A Separation One of the many things that distinguish an extraordinary filmmaker from the merely ordinary is that the former doesn't just stage scenes — he uses… A Separation One of the many things that distinguish an extraordinary filmmaker from the merely ordinary is that the former doesn't just stage scenes — he uses… 2011-12-30 PT123M Leila Hatami Peyman Maadi Sony Pictures Classics
Movie Review

A Separation (2011)

FAMILY FEUD Leila Hatami as Simin in A Separation
FAMILY FEUD Leila Hatami as Simin in A Separation
EW's GRADE
A

Details Release Date: Dec 30, 2011; Length: 123 Minutes; With: Leila Hatami and Peyman Maadi; Distributor: Sony Pictures Classics

One of the many things that distinguish an extraordinary filmmaker from the merely ordinary is that the former doesn't just stage scenes — he uses the flow of psychology and dialogue and camera movement to lure us inside scenes, to place us almost physically at the center of what we're watching. Asghar Farhadi, the Iranian writer-director of the great new movie A Separation, has that kind of talent. From the opening moments, in which Nader (Peyman Moadi) and Simin (Leila Hatami), a middle-class husband and wife in Tehran, stare right into the camera — i.e., at a divorce-court judge — as they make an embattled plea to end their marriage, the film wraps us, with stunning directness, in the complex folds of its characters' passions.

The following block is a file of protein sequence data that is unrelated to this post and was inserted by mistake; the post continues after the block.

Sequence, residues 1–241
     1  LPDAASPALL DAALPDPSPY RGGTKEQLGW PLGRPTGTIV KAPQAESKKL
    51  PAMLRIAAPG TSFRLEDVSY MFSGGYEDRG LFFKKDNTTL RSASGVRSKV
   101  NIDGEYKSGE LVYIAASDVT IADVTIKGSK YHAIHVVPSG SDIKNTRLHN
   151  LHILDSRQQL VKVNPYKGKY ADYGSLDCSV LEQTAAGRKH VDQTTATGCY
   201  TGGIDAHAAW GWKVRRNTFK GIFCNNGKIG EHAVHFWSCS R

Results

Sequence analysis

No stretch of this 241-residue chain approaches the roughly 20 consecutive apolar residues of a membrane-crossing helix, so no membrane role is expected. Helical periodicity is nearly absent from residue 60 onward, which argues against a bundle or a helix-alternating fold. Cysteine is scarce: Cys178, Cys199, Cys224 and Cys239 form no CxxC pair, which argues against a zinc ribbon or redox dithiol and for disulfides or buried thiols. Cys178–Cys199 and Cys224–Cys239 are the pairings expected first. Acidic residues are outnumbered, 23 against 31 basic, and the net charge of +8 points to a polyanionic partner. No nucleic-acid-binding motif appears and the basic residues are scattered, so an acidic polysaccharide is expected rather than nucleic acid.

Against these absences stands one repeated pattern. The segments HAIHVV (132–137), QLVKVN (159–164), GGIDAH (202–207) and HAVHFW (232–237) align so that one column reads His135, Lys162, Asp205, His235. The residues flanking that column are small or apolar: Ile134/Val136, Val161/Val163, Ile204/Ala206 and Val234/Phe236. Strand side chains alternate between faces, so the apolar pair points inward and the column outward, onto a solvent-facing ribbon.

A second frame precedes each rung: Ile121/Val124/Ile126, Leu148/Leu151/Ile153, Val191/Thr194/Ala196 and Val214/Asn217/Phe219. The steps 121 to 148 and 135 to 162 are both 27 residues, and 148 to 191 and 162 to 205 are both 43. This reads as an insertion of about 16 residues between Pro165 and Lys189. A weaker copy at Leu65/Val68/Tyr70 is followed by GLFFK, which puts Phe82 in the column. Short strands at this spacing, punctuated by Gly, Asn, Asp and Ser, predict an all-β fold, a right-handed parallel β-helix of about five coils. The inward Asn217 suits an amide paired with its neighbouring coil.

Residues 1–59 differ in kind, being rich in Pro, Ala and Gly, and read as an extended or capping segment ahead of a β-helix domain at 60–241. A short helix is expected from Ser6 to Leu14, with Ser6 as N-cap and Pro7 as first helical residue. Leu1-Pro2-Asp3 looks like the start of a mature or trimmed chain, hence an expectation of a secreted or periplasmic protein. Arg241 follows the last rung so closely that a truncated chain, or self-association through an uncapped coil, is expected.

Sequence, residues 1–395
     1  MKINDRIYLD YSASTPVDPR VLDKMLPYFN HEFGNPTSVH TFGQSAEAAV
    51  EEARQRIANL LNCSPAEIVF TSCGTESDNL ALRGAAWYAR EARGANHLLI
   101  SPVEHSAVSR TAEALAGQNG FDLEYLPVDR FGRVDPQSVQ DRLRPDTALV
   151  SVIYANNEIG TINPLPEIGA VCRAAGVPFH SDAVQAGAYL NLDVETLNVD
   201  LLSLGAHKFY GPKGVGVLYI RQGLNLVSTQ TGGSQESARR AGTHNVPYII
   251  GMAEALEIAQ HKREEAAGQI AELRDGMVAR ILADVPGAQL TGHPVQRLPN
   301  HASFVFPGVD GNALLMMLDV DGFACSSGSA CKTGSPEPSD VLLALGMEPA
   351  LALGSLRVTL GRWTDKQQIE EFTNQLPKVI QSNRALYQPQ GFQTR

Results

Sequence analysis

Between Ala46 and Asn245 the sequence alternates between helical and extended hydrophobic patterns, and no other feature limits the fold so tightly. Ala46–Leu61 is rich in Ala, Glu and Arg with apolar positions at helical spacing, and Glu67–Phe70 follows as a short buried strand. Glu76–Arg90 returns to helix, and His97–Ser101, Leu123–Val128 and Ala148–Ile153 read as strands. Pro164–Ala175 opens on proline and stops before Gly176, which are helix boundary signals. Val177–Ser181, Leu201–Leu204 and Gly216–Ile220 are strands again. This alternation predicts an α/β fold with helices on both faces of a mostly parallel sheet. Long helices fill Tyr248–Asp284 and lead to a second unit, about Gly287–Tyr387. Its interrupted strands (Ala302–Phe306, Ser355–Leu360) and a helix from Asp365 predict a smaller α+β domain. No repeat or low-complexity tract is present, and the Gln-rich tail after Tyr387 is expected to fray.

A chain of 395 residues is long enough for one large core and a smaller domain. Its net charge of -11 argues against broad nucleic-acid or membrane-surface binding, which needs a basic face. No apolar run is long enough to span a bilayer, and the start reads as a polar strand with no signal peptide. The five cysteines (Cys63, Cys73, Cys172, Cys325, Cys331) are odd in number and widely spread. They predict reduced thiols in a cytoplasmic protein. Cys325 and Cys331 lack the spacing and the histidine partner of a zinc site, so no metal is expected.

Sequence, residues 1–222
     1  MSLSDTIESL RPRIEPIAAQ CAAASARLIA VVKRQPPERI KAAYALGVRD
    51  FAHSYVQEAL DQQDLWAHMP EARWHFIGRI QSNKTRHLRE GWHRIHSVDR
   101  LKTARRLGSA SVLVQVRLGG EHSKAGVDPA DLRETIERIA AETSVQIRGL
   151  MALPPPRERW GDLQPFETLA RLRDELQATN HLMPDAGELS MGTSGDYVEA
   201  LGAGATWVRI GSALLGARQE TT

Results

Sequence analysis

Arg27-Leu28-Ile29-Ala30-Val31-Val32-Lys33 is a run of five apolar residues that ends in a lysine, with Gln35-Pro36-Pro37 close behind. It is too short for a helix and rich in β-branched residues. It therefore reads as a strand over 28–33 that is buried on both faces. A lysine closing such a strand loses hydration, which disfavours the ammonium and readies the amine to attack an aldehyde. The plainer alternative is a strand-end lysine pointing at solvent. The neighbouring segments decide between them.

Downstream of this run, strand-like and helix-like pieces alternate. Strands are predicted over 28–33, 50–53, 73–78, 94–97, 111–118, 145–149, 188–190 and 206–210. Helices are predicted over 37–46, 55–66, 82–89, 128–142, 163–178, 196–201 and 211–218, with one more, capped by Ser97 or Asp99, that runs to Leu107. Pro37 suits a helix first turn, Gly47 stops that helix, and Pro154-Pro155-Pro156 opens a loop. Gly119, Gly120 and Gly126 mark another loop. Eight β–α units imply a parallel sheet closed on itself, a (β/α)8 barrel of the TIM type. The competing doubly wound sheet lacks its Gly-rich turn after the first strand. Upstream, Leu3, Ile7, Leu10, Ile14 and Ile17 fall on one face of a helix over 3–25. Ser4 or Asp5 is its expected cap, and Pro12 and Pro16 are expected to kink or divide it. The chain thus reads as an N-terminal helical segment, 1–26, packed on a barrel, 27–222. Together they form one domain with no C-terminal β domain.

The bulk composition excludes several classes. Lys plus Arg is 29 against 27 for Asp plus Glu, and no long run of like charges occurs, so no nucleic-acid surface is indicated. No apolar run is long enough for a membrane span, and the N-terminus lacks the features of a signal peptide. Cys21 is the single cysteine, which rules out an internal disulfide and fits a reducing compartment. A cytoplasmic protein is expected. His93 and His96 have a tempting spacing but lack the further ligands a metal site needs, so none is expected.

The two are grappling with an issue they can't resolve. Simin wants to leave Iran to provide what she thinks will be a better life for their 11-year-old daughter, Termeh (Sarina Farhadi). Nader insists on staying in the country to care for his Alzheimer's afflicted father. When their divorce request gets turned down, the two agree to a trial separation. The daughter stays on with Nader, and he hires Razieh (Sareh Bayat), a woman from a remote working-class suburb, to help look after his father. What unfolds over the next couple of days seems banal enough: a dereliction of duty; an argument; an irritated shove. Yet from these relatively unsensational interactions, A Separation evolves into the most organic of thrillers. It's a drama — of marital strife, class warfare, and even murder — in which virtually everyone on screen turns out to be lying. As each deception is revealed, A Separation becomes a work of neorealism as tricky as a Rubik's Cube. Yet Farhadi is no mere formalist. His film is a spiritual investigation into the rise of women and the descent of male privilege in Iran, and a look at the toll that has taken. In a movie of flawless acting, it is Moadi — terse, proud, angry, haunted — who shows us that rare thing: a soul in transition. A

Originally posted Jan 04, 2012 Published in issue #1189 Jan 13, 2012 Order article reprints
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